5 important takeaways from the June jobs report

Rather than being an omen of bad things to come, the rise suggests a positive outlook for the USA economy as it coincides with more than 600,000 people entering the labor force. Just hours before the monthly jobs report was released, the Trump administration imposed taxes on $34 billion in Chinese imports, and Beijing hit back with tariffs on the same amount of US goods.

Wage growth is barely keeping ahead of inflation, which is firming up as the economy strengthens. A widespread availability of jobs and the prospect of higher wages at other employers made it harder to retain workers, she said.

Data for April and May was revised to show 37,000 more jobs created than previously reported.

Gross domestic product growth estimates for the April-June period are as high as a 5 percent annualized rate, more than double the 2.0 percent pace logged in the first quarter. It's the 93rd consecutive month of job gains, an impressively long and strong stretch of growth.

But the Trump administration's "America First" trade policy, which has tipped the United States into a trade war with China poses a risk to the labor market and economy.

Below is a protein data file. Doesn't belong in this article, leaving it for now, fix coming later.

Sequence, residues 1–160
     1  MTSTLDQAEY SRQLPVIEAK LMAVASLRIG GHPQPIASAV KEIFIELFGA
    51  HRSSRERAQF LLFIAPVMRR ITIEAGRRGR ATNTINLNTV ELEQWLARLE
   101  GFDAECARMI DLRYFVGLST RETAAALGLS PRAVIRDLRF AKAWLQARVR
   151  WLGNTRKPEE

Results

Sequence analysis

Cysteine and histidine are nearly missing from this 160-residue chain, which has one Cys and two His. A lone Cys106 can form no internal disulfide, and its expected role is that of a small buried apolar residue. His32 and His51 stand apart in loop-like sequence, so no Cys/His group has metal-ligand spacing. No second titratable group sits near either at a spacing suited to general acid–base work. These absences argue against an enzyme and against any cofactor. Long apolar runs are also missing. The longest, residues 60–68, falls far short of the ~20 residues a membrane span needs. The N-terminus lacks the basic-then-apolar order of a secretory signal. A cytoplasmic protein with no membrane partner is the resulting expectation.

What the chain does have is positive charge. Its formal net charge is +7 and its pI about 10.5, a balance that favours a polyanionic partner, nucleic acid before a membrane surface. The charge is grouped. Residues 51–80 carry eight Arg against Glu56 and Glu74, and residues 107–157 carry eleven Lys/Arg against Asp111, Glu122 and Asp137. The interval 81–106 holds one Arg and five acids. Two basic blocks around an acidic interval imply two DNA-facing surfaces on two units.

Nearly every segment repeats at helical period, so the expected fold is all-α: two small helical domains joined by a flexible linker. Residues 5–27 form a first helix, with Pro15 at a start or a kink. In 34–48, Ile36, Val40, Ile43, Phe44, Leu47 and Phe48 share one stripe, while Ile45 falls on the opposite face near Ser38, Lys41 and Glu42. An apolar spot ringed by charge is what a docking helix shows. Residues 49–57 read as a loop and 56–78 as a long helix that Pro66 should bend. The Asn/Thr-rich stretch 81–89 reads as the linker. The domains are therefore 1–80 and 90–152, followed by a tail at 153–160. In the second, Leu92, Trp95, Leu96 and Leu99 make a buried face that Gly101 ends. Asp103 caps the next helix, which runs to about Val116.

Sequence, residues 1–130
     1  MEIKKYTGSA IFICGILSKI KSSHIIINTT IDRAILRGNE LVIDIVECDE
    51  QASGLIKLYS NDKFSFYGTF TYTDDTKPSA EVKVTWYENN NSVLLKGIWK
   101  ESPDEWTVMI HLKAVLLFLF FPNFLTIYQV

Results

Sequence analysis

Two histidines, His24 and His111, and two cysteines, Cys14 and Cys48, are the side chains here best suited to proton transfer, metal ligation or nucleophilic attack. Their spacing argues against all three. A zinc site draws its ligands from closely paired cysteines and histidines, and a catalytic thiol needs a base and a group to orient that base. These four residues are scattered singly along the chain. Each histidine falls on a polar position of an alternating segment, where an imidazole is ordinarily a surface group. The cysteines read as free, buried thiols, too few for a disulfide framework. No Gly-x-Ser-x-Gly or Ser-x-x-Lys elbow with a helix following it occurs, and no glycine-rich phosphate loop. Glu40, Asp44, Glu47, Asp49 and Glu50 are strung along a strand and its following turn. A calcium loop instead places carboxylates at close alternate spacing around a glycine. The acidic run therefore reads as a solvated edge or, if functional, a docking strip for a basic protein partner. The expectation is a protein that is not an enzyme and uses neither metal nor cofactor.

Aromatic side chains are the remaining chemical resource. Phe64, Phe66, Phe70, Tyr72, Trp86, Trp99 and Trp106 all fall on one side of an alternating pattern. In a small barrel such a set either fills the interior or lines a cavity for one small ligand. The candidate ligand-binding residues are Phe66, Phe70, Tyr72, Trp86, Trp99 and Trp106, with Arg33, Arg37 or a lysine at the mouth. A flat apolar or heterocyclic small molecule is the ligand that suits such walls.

Canada added 9,100 full-time jobs in June and 22,700 part-time positions, while work in the less-desirable category of self-employment rose by 22,000.

Croatia ends Russia's run, advances to World Cup semifinals
Cheryshev collected the ball near the halfway line, exchanged passes with Artem Dzyuba and curled a 25-metre shot past Subasic. Croatia will now face England on Wednesday for a place in the World Cup final but first, here are five things we learned.

The June jobs is out and it's a beat. But for now the sector, which accounts for about 12 per cent of the USA economy, appears in good health. But retailers cut 21,600 jobs last month, after boosting payrolls by 25,100 in May. So they helped raise the unemployment rate. The number, however, did come down from its nine-year high in May of 3.9 per cent. Retail sales jumped a strong 0.8 per cent in May in a sign that consumers feel secure enough to spend.

The previous record was 4.8% back in 1973.

"He pointed to minutes from the June Federal Open Market Committee, which indicate that some business leaders' "'plans for capital spending had been scaled back or postponed, '" which will likely also affect hiring.

The unemployment rate in Windsor dipped slightly last month, but so too did the labour participation rate. Any escalation in the conflict with China could disrupt hiring as companies grapple with higher import prices and diminished demand for their exports.

President Donald Trump ran for president with a promise of reviving the economy and the results so far look to boost his agenda for the November 6 midterm elections. Prices for US Treasuries rose.

Washington is also engaged in fights with other major trade partners, including Canada, Mexico and the European Union after President Donald Trump imposed tariffs on steel and aluminum imports. Automakers added 12,000 jobs in June.

Latest News